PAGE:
Robotics, AI and IoT
If last year was the year where robotics really started to fall into mainstream purchase to pay consciousness, 2018 is likely to be the year where we see RPA being implemented on a wider scale. At the moment, only around 4% of organisations are currently using RPA, but more than a quarter of UK companies said that it was on their road map for this year. More than just a way to ensure efficiency, organisations see using robotics as a way to gain a competitive edge, especially when linked to AI, or machine learning tools which are able to learn from past processing experiences and make quick decisions about business processes.
As the more forward thinking companies start to link the data that spills out of their RPA and feed it through AI enhanced solutions, they’ll be in position to take advantage of the explosion of the Internet of Things (IoT). The various technologies and devices across a business will increasingly interconnect in both B2B and B2C environment, producing the kind of Big Data which can provide insight across an organisation’s digital supply chain, direct business outcomes and improve data management. But organisations and those involved in implementing new technologies need to keep an eye on ROI and keep their expectations realistic. RPA and AI have enormous potential if implemented correctly, but they are not magic wands to wave over bad process.
With the pressure on P2P departments to add more value and be able to prove that that's what they're doing, the need to be able to provide analytics against a variety of activities will grow this year. One of the main differences will be that analytics will increasingly be used to predict the future, rather than analyse the past.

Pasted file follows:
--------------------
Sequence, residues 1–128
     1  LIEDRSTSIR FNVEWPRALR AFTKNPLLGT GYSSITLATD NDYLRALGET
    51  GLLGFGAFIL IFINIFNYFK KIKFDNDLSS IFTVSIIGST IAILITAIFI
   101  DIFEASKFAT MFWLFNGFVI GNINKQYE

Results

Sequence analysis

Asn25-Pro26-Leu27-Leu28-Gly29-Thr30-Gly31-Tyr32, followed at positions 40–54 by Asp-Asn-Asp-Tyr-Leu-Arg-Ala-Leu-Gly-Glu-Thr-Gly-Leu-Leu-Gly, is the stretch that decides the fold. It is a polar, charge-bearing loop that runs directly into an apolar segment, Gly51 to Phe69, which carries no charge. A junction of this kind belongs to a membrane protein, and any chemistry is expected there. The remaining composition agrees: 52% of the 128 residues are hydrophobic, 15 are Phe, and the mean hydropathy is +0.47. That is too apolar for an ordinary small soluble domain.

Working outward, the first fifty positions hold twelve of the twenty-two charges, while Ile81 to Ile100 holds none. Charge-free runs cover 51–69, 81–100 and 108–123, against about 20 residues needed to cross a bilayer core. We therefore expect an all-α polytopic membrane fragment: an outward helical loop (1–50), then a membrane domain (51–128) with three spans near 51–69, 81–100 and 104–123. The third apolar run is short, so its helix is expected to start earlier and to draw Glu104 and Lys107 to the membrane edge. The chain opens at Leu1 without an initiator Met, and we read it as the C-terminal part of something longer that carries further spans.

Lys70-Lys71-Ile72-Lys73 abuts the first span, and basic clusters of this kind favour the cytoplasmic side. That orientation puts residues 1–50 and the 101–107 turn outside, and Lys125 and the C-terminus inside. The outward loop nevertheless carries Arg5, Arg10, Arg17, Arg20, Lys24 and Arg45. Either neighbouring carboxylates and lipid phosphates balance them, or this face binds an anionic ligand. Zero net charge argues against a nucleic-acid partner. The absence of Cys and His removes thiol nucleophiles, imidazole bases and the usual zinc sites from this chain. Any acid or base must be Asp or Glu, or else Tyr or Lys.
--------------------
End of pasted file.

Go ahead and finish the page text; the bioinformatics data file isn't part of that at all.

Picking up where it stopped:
Those organisations which are able to combine accurate, automated processing alongside some robust analytics, will be able to raise the transparency levels across the business. Increased automation and enhanced processing will mean that the right people will have access to the correct information in real-time. With an increase in compliance issues, and in procurement, the need to be able to provide clear sourcing data, this is something that will concentrate business minds in 2018.
Over the last 4 years or so, there’s been a drive towards more partnering between the various functions of accounts payable, procurement, treasury and finance. This has been partly as a result of the enabling technology, and partly an essential exercise in efficiency. However, it’s probably fair to say that up until now, some of the more powerful partners have been reluctant to share authority in some areas. But as CFO’s and CPOs are increasingly in the spotlight, tasked with making their enterprises more competitive and innovative, this year will see even more alignment between the functions as the c-suite wakes up to the potential of an interconnected business.
Just another buzzword, or is blockchain a true revolution as has been claimed? At the beginning of last year, practitioners who’d heard of blockchain were few and far between. In fact, in a survey at the time, we found that 80% of P2P professionals knew nothing about it. Fast forward to now, and while most have heard of it, many still don’t understand how it’s likely to affect them. As the platform on which the cryptocurrency, Bitcoin was built, its robustness as a means of transaction is easy to quantify, but so far its application in wider business has been limited. However, the potential in terms of the entirely new way the distributed ledger technology allows organisations to operate, means that it really does have the potential to revolutionise business. The question is, when. And although in all likelihood the answer is not 2018 – organisations would be foolish to ignore it. Information held on a blockchain exists as a shared and continually reconciled database, throwing out the need for third party verification. Hosted by millions of computers simultaneously, it offers a source of truth that’s accessible to anyone, meaning that the traditional methods of supply chain procurement and payments (for example) could be completely overhauled.
Still the wild card in the underlying economy, Brexit concerns are likely to continue to dominate this year with likely delays in negotiations leading to a continuation of uncertainty. For those organisations with exposure to risk, the advice is to plan for a hard Brexit to make sure that as much as possible, all eventualities have at least been considered.